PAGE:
A 45 year old married woman, a vegetable vendor, was referred to the skin outpatient department by the ophthalmologist for multiple skin-coloured lesions over her eyelids of six months duration. Lesions gradually increased in size and number, ultimately obstructing vision in her right eye. She was asymptomatic except for her eye lesions. There was no history of cough, fever, diarrhea, weight loss, or any systemic complaints. On examination, she had multiple asymptomatic papulonodular lesions over the lids of both her eyes ranging from 5 mm to more than 1 cm, with dystichiasis [Figure 1]. Both eyelids on the right side were matted together with whitish to skin-colored masses that had a purulent discharge [Figure 2]. She had bilateral nontender inguinal lymphadenopathy. The patient did not have similar lesions anywhere else over the body. Oral and genital mucosae were normal, and systemic examination did not reveal any abnormality A provisional diagnosis of MC was made and a 3 mm punch biopsy from one of the papules was drawn. Histopathology revealed multiple intracytoplasmic inclusion bodies in the lower epidermis, consistent with MC. The patient was screened for HIV and tested positive for HIV I and II. VDRL and HBsAg were nonreactive. Her CD4 count was 44 cells/mm 3. A final diagnosis of MC with AIDS was made. The patient was started on highly active antiretroviral therapy (HAART) comprising zidovudine, lamivudine, and nevirapine. For her eye lesions, solitary papules of MC were extracted with a molluscum extractor. For the right eye, the patient was given cryotherapy with liquid nitrogen, and trichloroacetic acid was applied over applied over selected lesions [Figure 3]. After three months of HAART and cytodestructive treatment for molluscum, there was no significant improvement in her skin lesions. Her CD4 count was 49 cells/mm 3 after three months of HAART. Shortly thereafter, she developed HIV-related herpes zoster and pulmonary tuberculosis and succumbed to her illness.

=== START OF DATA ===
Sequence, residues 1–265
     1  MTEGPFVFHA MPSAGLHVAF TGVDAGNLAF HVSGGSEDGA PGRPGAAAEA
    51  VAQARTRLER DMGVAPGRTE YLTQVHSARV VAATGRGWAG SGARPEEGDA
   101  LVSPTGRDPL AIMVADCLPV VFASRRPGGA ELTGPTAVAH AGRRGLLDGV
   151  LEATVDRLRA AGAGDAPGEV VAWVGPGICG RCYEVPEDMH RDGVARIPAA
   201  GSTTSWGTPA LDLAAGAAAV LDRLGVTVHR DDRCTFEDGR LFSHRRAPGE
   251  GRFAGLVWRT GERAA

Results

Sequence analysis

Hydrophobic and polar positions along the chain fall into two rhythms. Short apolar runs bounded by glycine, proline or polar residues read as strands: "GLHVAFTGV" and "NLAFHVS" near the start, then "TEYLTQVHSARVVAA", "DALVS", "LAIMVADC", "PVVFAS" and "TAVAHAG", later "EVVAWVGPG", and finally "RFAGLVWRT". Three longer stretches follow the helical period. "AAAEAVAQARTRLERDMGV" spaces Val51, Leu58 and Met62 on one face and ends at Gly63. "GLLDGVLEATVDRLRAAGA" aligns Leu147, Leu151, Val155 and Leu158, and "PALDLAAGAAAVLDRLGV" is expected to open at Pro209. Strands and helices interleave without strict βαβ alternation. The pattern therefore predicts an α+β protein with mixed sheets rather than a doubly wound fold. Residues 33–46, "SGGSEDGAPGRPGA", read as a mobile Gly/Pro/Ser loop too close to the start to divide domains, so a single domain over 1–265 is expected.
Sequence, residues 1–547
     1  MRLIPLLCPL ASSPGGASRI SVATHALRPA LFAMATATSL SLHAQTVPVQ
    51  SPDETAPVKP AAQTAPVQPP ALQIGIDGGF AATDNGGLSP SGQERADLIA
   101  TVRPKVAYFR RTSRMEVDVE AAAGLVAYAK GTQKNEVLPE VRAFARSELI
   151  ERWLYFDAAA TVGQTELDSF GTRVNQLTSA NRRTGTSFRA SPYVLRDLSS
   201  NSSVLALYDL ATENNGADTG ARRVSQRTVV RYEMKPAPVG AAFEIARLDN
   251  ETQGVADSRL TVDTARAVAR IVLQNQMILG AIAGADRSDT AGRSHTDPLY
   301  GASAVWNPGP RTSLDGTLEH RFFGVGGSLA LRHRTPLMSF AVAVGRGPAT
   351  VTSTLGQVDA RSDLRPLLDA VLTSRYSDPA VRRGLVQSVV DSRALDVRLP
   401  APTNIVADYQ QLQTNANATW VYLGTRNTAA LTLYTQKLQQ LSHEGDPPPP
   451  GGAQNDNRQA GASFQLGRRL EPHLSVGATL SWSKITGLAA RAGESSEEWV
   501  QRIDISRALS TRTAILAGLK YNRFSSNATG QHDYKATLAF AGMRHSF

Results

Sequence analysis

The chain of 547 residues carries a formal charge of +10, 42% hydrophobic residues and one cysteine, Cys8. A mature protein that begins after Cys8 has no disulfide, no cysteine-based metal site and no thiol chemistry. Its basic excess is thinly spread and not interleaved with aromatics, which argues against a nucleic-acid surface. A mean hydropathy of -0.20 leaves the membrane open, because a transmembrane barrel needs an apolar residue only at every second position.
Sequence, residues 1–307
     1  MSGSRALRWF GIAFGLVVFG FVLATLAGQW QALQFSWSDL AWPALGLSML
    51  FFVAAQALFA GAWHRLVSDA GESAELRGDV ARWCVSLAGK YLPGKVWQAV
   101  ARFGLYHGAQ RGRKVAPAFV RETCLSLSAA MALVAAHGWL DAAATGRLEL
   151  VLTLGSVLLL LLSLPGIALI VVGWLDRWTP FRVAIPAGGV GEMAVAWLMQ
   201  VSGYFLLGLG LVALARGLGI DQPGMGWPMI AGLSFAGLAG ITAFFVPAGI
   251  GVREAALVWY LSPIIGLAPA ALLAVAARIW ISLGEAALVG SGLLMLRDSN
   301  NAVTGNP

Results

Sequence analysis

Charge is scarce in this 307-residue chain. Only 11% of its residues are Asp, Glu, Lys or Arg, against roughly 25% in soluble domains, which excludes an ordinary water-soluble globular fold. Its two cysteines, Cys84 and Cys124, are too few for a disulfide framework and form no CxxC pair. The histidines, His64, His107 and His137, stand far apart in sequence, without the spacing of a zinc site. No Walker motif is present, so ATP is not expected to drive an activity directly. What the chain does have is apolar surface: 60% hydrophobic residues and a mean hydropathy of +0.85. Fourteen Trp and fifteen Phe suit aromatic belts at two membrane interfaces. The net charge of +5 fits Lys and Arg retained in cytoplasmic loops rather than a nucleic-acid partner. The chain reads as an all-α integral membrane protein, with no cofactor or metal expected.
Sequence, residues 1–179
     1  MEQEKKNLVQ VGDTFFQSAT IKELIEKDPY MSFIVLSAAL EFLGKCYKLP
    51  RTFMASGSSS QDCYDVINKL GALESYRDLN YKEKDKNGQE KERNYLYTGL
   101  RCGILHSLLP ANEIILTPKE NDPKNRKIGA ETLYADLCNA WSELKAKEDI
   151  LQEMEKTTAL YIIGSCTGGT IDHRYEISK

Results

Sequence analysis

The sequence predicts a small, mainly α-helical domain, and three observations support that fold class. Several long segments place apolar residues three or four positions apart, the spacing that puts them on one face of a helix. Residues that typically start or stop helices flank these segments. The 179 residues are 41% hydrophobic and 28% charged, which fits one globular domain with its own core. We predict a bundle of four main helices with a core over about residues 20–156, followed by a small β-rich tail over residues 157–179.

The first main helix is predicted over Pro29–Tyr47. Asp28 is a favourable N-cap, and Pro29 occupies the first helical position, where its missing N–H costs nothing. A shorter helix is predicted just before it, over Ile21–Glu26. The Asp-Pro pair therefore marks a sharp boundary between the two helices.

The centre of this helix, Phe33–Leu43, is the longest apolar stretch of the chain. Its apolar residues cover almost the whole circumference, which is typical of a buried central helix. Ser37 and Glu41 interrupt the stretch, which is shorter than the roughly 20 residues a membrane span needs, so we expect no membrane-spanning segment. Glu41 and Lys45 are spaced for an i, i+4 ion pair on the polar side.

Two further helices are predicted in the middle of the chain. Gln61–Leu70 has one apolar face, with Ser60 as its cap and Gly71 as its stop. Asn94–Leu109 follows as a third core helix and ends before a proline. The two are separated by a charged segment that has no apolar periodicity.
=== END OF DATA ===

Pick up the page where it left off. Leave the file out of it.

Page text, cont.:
|Figure 2: Multiple molluscum contagiosum lesions forming a mass over the right eyelid|